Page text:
Mohammed Othman (Abu Qatada) v Secretary of State for the Home Department (Special Immigration Appeals Commission) 12 November 2012 – read judgment
Muslim cleric Abu Qatada has won his appeal against deportation to Jordan, where Mitting J concluded that he would not receive a fair trial.
Qatada was convicted of terror charges in Jordan in his absence in 1999 but so far he has successfully resisted being sent back there because of the risk of an unfair trial, despite the assurances given by Jordan to the Home Secretary assurances that no evidence gained through torture would be used against him. As Mitting J said, once it has been established that there is a “substantial” risk that a person will not receive a fair trial in the destination state, the government must demonstrate that there is no risk that person will receive a “flagrantly unfair” trial. This is a lower test than demonstrating that no risk at all existed. But on the basis of SIAC’s findings, Mitting J found that there was in fact a real risk that evidence obtained by torture of two men had been obtained by torture.
A quick scan of the list of “Related Posts” below reveals the prolonged history of this case. Enough already? Apparently not.
The following is based on SIAC’s summary of the judgment:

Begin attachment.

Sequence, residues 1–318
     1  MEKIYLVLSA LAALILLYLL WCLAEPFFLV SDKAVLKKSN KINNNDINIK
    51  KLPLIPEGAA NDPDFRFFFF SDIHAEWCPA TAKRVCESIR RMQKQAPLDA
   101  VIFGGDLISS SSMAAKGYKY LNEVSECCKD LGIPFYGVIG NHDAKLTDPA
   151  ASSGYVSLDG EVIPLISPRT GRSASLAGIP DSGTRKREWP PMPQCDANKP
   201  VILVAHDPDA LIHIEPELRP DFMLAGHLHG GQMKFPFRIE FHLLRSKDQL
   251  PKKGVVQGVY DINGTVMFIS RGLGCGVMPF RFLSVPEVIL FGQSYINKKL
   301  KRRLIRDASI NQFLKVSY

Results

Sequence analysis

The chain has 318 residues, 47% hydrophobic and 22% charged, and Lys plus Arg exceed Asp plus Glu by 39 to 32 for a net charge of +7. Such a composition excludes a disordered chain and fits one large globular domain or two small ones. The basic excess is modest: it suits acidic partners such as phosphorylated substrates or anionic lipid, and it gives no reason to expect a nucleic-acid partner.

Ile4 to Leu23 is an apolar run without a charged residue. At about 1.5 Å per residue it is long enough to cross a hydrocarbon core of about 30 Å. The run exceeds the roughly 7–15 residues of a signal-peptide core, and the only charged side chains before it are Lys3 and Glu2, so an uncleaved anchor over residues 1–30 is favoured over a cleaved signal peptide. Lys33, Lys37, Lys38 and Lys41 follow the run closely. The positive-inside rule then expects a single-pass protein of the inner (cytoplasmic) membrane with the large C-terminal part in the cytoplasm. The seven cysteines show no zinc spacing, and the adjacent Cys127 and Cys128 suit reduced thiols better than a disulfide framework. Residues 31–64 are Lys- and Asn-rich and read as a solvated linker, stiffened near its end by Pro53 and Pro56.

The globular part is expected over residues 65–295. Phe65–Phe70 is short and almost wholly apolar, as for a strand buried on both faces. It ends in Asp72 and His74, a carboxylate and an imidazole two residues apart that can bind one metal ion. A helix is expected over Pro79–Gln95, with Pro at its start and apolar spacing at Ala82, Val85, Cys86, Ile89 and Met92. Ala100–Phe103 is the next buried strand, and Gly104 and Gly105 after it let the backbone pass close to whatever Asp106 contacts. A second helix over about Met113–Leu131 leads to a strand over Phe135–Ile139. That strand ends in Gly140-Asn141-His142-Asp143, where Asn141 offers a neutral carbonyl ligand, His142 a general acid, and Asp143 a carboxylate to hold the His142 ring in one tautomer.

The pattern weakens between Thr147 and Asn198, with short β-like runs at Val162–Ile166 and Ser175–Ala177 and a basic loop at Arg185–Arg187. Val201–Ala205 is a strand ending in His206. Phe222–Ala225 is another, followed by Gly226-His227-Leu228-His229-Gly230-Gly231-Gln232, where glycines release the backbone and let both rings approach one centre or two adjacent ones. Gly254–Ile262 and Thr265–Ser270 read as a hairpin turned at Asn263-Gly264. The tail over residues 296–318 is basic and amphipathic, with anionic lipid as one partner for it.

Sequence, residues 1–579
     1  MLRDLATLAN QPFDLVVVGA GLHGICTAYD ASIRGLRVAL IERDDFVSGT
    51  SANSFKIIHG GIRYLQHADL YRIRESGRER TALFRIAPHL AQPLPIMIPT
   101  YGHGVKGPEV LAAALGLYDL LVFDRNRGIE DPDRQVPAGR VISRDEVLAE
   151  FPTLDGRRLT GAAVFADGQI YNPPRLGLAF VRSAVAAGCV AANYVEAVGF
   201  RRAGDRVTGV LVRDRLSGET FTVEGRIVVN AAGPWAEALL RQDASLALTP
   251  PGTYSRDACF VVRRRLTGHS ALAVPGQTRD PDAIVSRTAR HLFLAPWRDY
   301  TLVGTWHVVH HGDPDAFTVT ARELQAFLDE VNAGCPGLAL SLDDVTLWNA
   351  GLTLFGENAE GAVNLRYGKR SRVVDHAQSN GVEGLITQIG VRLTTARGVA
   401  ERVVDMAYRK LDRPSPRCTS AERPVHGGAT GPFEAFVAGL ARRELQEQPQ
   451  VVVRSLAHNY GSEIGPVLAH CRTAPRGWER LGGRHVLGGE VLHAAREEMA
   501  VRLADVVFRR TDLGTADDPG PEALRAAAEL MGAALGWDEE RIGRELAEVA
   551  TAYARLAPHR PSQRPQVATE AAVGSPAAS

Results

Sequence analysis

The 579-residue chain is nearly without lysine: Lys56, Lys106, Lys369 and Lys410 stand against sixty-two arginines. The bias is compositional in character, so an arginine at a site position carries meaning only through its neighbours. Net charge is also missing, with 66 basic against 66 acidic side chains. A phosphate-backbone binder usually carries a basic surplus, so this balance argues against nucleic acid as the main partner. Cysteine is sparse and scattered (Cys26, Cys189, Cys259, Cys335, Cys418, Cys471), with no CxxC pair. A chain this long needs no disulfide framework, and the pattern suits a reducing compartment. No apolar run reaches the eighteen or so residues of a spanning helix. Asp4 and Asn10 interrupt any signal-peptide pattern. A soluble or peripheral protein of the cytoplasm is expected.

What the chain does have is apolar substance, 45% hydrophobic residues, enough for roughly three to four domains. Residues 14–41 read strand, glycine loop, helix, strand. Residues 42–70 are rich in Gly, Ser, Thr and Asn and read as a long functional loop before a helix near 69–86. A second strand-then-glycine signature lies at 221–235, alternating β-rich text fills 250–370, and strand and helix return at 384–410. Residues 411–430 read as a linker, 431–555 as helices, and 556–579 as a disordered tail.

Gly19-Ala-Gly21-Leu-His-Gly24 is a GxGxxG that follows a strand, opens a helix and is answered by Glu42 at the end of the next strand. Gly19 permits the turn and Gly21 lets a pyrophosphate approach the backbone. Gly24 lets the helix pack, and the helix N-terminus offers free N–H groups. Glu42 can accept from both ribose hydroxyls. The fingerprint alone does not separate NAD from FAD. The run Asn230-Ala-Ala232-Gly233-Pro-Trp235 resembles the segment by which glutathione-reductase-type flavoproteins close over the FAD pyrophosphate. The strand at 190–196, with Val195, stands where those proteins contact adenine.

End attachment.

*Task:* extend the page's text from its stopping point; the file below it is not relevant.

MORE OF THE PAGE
SIAC set out two critical questions to determine whether there was a real risk that these statements would be admitted in the case against Qatada in Jordan:
1) Irrespective of the means by which they were obtained, are these statements now admissible at all under the Jordanian Code of Criminal Practice?
2) If they are, is there a real risk they will be admitted even though there is a ‘real risk’ that they were obtained by torture?
The first question was not to be conclusively answered.
Until and unless the [Jordanian] court of Cassation gives us an authoritative ruling on the question, it must remain open.
The second question was considered in detail in paragraphs 68-73. SIAC concluded
…The only means of eliminating a real risk that statements which may well have been obtained by torture will be admitted probatively at the appellant’s retrial would be for the burden of proving, to a high standard, that they were not, to be placed upon the prosecutor. Anything else gives rise to a real risk that they will be [para 73]
On the Article 3 question, SIAC remained satisfied that the assurances given by the Jordanian government provide, in their practical application, a sufficient guarantee that the appellant will be protected against the risk of ill-treatment by the Jordanian state.
The government has confirmed that it will appeal.
- Abu Qatada detention will continue through Olympics
- Abu Qatada appeal was in time but will not be heard by the Grand Chamber
- Time, time, time, look what’s become of me
- Abu Qatada and the law of time – Carl Gardner
- Abu Qatada released on “very restrictive” bail conditions
- No deportation for Abu Qatada, but where are we now on torture evidence? – Professor Adam Tomkins
- Indefinite detention: not very British
- Suspected terrorist may not be deported to Jordan – Strasbourg rules